Rachel, I respectfully disagree about Sor's Method, which I believe is the greatest guitar method ever written. It should be used in conjunction with his Opus 60 studies, both published late in his life. The two go together.
Hmm. I might have to read it again. To me it came off as at least as much spleen-venting and justifying as actually how to play the guitar. not to mention some questionable stuff... he tells you to set your guitar on the table, but according to the thesis I just linked nobody who ever saw him play mentioned seeing him do that. Weird. I'm not going to tackle a full collection of studies until I get through Noad's book but Sor Op.60 is pretty close to the top of my list so maybe I'll try them together at that point. Can you expand a little on why it's the greatest method ever? Either Carcassi's or Aguado's seems more practical to me. Also: have you looked at the Orphee translation?

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Mark Clifton-Gaultier
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Re: Translation of Coste's Method!

Post by Mark Clifton-Gaultier » Sun Jul 29, 2018 6:13 pm

crazyrach97 wrote:I must say i'm surprised more people aren't excited by this... maybe everyone else already has seen it?
The reason is probably that those of us with a deep interest in these methods have already translated them for ourselves.

crazyrach97
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Re: Translation of Coste's Method!

Post by crazyrach97 » Sun Jul 29, 2018 6:14 pm

Mark Clifton-Gaultier wrote:
Sun Jul 29, 2018 6:13 pm
crazyrach97 wrote:I must say i'm surprised more people aren't excited by this... maybe everyone else already has seen it?
The reason is probably that those of us with a deep interest in these methods have already translated them for ourselves.
I'm mono-lingual I'm afraid... :oops:

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Mark Clifton-Gaultier
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Re: Translation of Coste's Method!

Post by Mark Clifton-Gaultier » Mon Jul 30, 2018 7:20 am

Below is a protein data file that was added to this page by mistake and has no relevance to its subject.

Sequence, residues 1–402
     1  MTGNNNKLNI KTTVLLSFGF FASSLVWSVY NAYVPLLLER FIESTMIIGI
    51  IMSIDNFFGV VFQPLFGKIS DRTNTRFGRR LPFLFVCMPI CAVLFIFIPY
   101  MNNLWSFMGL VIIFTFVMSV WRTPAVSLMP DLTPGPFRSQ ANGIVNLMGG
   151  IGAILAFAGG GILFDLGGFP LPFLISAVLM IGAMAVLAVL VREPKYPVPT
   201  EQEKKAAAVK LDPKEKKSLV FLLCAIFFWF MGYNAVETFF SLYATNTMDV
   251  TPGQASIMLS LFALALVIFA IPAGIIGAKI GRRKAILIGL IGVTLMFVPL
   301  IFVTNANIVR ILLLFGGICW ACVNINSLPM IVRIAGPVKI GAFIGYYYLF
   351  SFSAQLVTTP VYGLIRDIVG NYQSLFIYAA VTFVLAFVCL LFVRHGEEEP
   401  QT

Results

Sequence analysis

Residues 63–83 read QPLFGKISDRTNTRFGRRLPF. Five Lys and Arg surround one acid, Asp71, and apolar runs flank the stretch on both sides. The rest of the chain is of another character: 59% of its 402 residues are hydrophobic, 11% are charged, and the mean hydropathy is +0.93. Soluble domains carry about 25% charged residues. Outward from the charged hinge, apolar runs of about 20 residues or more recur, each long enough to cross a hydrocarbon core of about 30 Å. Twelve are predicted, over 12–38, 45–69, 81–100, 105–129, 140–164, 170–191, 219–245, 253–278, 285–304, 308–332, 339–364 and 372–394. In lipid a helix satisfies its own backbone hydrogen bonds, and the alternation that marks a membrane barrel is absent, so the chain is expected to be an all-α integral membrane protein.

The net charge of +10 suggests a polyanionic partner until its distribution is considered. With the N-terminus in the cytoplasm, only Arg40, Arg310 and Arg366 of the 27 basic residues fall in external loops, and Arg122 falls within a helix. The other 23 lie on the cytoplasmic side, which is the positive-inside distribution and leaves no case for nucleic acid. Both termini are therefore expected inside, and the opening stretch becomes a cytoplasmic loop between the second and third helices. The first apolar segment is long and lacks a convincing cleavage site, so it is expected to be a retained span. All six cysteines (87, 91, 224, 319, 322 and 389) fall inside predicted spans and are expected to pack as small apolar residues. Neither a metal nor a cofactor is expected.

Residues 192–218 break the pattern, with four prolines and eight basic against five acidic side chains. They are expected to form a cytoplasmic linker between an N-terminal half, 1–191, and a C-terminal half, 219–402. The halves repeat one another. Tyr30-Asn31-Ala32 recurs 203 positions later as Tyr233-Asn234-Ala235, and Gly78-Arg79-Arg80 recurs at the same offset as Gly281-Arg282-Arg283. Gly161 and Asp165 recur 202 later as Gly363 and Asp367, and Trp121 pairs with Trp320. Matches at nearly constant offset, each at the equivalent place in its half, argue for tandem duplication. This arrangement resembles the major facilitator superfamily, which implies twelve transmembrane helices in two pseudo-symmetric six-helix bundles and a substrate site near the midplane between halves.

crazyrach97 wrote:
Mark Clifton-Gaultier wrote:
crazyrach97 wrote:I must say i'm surprised more people aren't excited by this... maybe everyone else already has seen it?
The reason is probably that those of us with a deep interest in these methods have already translated them for ourselves.
I'm mono-lingual I'm afraid... :oops:
Another reason is that many feel that there's little, if any, benefit in understanding how this or that guitarist from the past approached the instrument. I can understand (though not fully support) that point of view in an amatuer player, but how a teacher can disregard such things is beyond me ... far more limiting than being mono-lingual.

Odd thing is that those very same people will often discuss the approach of a modern player in the most minute anatomical detail and at mind boggling length; some threads here are longer than "War and Peace", the reading of which would provide about the same improvement in musicality..

crazyrach97
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Re: Translation of Coste's Method!

Post by crazyrach97 » Mon Jul 30, 2018 11:14 am

Mark Clifton-Gaultier wrote:
Mon Jul 30, 2018 7:20 am
crazyrach97 wrote:
Mark Clifton-Gaultier wrote:
The reason is probably that those of us with a deep interest in these methods have already translated them for ourselves.